Leeds hospitals back to hitting A&E waiting times target

accident-emergencyLeeds’ two major hospitals seem to be back on track after many months of failing to meet NHS targets for A&E waiting times.

Figures released by NHS England yesterday show that for 14 weeks in a row the hospitals have bettered the target to treat or admit 95% of patients in A&E within 4 hours.

That’s a big change from earlier this year and the end of last, when a shortage of doctors meant the target was missed for month after month, incurring costly penalties for the Leeds Teaching Hospitals Trust, which manages both St James and the Leeds General Infirmary.

From the latest figures issued by the Trust at the end of July, it appears that a “recovery plan” introduced to sort out the A&E problems has borne fruit – even at the unit at “Jimmy’s”, which was seriously under-performing against the target earlier this year.

Figures for the two hospitals are now back up to – and even better than – where they were this time last year.

It’s summer, of course, and doctors have been warning of an A&E crisis this winter, prompting the government to pump £500m over two years into those NHS trusts that have been struggling the most with urgent care.

(I don’t know if it’s been decided yet whether Leeds will be among the hospital trusts receiving part of that extra cash)

In the meantime the latest above-target performance isn’t just good news for patients. It’s good news for the Trust, who need more money in the bank to apply for foundation trust status. That they haven’t had that cash has in part been down to penalties incurred for failing to meet the A&E waiting times target.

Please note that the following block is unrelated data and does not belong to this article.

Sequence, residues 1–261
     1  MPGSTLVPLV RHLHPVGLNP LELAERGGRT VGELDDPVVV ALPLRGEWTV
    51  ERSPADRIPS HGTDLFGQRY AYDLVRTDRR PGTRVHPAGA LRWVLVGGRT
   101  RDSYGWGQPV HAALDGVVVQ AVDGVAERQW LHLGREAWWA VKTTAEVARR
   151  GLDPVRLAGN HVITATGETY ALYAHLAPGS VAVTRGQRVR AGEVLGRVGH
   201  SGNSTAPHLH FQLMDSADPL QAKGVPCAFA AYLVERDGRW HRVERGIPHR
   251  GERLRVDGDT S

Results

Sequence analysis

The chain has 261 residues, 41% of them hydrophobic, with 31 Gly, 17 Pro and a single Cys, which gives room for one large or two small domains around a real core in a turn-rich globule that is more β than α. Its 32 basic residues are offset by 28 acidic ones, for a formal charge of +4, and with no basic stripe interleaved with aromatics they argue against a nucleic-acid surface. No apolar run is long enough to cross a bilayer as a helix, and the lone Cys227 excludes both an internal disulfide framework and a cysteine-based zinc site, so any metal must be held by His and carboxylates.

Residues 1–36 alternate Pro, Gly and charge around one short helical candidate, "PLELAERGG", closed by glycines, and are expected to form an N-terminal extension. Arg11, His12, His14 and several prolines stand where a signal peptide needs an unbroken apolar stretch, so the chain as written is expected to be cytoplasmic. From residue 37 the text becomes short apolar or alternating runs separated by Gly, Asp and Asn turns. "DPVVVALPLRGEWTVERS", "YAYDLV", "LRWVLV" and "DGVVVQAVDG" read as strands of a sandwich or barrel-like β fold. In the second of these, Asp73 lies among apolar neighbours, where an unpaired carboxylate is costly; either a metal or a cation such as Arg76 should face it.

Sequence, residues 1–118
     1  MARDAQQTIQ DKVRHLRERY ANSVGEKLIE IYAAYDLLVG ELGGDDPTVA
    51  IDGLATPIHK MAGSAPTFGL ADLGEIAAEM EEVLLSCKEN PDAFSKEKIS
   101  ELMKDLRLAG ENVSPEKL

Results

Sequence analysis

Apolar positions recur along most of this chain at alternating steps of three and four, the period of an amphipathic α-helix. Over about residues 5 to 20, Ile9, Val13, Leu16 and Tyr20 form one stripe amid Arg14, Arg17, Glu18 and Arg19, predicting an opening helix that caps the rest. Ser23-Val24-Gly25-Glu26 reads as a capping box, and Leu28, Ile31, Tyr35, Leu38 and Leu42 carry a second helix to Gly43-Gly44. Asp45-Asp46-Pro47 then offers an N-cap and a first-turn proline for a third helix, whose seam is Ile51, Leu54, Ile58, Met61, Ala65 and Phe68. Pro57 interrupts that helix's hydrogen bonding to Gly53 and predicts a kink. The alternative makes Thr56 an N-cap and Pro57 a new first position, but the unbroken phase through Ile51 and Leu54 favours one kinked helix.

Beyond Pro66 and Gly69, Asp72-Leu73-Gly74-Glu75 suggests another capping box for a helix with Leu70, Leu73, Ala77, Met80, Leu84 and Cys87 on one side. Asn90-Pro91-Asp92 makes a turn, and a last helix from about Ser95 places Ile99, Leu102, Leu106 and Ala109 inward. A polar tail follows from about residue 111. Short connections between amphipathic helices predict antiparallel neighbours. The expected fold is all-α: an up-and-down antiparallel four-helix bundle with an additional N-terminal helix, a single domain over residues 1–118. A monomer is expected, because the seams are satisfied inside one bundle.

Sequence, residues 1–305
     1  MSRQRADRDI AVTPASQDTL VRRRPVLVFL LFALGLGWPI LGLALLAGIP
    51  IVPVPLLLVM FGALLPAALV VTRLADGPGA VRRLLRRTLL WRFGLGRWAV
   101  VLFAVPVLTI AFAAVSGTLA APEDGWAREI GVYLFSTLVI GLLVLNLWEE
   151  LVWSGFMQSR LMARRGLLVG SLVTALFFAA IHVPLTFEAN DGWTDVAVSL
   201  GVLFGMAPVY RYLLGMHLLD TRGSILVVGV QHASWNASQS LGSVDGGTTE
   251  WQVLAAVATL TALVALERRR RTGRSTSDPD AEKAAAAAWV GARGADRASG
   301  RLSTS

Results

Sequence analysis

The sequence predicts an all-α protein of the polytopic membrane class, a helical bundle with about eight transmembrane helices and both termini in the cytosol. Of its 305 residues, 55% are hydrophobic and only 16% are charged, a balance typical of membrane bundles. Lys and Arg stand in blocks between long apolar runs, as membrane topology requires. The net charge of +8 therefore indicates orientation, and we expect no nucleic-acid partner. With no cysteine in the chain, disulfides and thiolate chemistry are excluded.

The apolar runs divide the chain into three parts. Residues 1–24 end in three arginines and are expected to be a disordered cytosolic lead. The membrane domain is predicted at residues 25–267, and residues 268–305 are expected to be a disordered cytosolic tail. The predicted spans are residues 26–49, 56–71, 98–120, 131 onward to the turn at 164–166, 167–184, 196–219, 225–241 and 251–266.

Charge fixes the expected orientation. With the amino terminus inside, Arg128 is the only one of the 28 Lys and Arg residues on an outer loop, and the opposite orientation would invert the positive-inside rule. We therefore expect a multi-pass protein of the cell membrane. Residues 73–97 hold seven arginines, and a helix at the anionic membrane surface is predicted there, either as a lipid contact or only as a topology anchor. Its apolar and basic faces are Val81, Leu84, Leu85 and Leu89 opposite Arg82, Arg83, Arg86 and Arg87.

Figures from NHS website; they don't include minor injury units;  yellow line is the target

Figures from NHS website; they don’t include minor injury units; yellow line is the target; week 1 is first week Dec, week 37 final week in August

Increased attendance to blame? Erm …

How far is it that more of us going more often to A&E is to blame for the failure to meet the targets.

In the case of Leeds it’s difficult to say.

According to the NHS England figures, attendance at A&E has remained pretty constant over the two years for the months covered in the graph below. It’s a partial picture, but total numbers are actually slightly down this year on last.

And in the week when the highest number of people turned up to be treated (4,243 in the middle of July this year), 96.4% of them were admitted or discharged in under four hours.

Week 1 is early Dec, week 37 is late August

Week 1 is early Dec, week 37 is late August

 

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